The Biggest Bitcoin Myths, Debunked

Ever since 2009 when Satoshi Nakamoto unleashed Bitcoin: A Peer-to-Peer Electronic Cash System,” his whitepaper that introduced the world to Bitcoin (BTC), it has revolutionised how people perceive money and currency; decentralised, secure, and anonymous.

“It’s a Ponzi scheme.” “It’s the currency of drug dealers and the dark web.” “It costs more to make than it’s worth.” “It’ll never go mainstream.” “It lacks stability and is subject to fluctuation.” These are just a few of the myths people tend to have about Bitcoin and other cryptocurrencies—and there’s some truth behind these statements.

Myth 1# Bitcoin Gains Aren’t Taxed

This is only partially correct. It depends on how you use your Bitcoins. Generally, if you use your Bitcoins for purchases or sales of goods or services, then any capital gains or losses are taxable events that must be reported on your tax return.

This is done regardless of whether you received cash or other property in exchange for your Bitcoins. If you simply hold onto Bitcoins hoping they will appreciate over time, then any capital gains are not taxed until you sell or exchange them for other property.

Myth 2# Bitcoin Is a Bubble

While it’s true that some people buy Bitcoin as an investor looking for a big payout, the digital currency itself is not a bubble. Bubbles are economic cycles characterised by a rapid fall in the market.

The dot-com bubble was driven by the rapid rise of companies like Amazon and Google, which were still in their early stages when they went public. By contrast, cryptocurrencies are still relatively new, with many projects not yet ready for mass adoption or even having any real-world use cases.

Myth 3# Bitcoin Is Too Volatile to Be Useful as Money

Bitcoin has proven to be extremely stable compared to traditional currencies over time. But still, it greatly fluctuates in value relative to the dollar or other fiat currencies like the euro or Japanese yen.

This volatility makes it difficult for companies to accept Bitcoin as payment without losing money on every transaction. As more merchants begin accepting Bitcoin, its volatility will decrease significantly making it more attractive as an alternative currency option.

Myth 4# Bitcoin Has No Real-World Uses

Critics like to claim that Bitcoin isn’t useful in the real world and is only used by criminals. This is false. While it is true that Bitcoin can be used for illegal purchases, that’s not its primary use case.

Bitcoin is a digital currency that can be exchanged for goods and services just like any other currency. Many people are using Bitcoin to pay for everyday things like coffee or pizza at restaurants and grocery stores around the world. Even more, Airbnb allows hosts to accept payment in Bitcoins; Dish Network accepts BTC for services like satellite TV equipment installation, and even the U.S. Federal Election Commission allows political donations in BTC.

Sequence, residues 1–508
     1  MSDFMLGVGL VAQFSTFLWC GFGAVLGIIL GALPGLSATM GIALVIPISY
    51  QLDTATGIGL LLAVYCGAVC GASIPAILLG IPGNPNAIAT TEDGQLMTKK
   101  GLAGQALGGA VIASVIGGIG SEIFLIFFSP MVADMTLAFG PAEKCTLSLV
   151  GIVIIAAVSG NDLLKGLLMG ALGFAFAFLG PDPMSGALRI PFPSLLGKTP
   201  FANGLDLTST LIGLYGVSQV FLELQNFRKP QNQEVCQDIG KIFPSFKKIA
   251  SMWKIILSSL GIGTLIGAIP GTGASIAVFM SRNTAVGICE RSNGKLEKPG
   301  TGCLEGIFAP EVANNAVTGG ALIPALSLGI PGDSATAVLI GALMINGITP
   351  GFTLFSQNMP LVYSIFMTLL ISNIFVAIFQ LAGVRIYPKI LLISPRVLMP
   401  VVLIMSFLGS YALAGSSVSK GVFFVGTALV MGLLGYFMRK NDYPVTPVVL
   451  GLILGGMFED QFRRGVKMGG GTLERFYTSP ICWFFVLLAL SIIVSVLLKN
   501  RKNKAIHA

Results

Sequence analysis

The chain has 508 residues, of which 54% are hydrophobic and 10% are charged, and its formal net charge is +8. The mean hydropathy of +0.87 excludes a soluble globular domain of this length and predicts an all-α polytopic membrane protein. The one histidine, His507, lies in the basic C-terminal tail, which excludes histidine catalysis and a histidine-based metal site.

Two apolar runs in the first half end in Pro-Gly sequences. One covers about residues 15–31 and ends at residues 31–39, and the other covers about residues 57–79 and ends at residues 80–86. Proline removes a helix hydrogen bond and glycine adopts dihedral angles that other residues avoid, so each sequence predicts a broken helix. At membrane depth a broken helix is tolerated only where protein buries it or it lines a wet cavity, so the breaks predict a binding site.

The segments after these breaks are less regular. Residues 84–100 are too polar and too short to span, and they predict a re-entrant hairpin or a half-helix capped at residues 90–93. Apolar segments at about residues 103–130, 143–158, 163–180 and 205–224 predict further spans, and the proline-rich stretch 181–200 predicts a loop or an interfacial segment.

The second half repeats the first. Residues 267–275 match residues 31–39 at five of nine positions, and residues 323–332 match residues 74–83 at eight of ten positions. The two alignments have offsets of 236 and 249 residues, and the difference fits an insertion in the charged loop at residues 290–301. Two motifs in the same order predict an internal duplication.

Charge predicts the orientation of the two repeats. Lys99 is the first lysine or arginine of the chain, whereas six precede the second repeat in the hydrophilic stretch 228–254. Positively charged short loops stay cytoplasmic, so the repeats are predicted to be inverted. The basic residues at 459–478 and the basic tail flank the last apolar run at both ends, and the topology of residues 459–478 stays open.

Myth 5# Bitcoin Transactions Are Anonymous

Some critics claim that Bitcoin transactions are anonymous because they don’t require any personal information from users during purchase (like credit cards do). However, this is not entirely true.

When you send someone money through a cryptocurrency exchange or wallet service provider like Coinbase, they will know your public key address (a string of random numbers and letters) as well as the amount of BTC you sent.

Myth 6# Bitcoin is Bad for the Environment

Bitcoin mining is an energy-intensive process. But determining the environmental impact is hard. For another thing, we don’t know how much energy would be used if Bitcoin didn’t exist — or if it did exist but wasn’t mined using computers.

Finally, it’s important to remember that Bitcoin mining is only one part of a larger ecosystem that includes exchanges, payment processors and users like you and me. Some people argue that these other parts are more important than mining in terms of the overall impact on global warming because they’re larger than mining operations.

Parting Shot

Despite Bitcoin being a legal currency for exchange, many countries are hesitant to accept online currency. This hesitation is the cause of many rumours regarding Bitcoin’s legality. The use of Bitcoins in online transactions is already taking off and will continue to do so as its popularity increases, thus rendering these myths false. It’s difficult to imagine that any country would be able to stop their use.

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Disclaimer: This article is provided for informational purposes only. It is not offered or intended to be used as legal, tax, investment, financial, or other advice.